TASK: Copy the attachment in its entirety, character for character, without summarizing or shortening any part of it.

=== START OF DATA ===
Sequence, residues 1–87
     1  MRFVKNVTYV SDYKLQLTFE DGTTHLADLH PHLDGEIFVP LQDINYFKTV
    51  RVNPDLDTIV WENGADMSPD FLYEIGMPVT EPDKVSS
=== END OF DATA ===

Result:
Sequence, residues 1–87
     1  MRFVKNVTYV SDYKLQLTFE DGTTHLADLH PHLDGEIFVP LQDINYFKTV
    51  RVNPDLDTIV WENGADMSPD FLYEIGMPVT EPDKVSS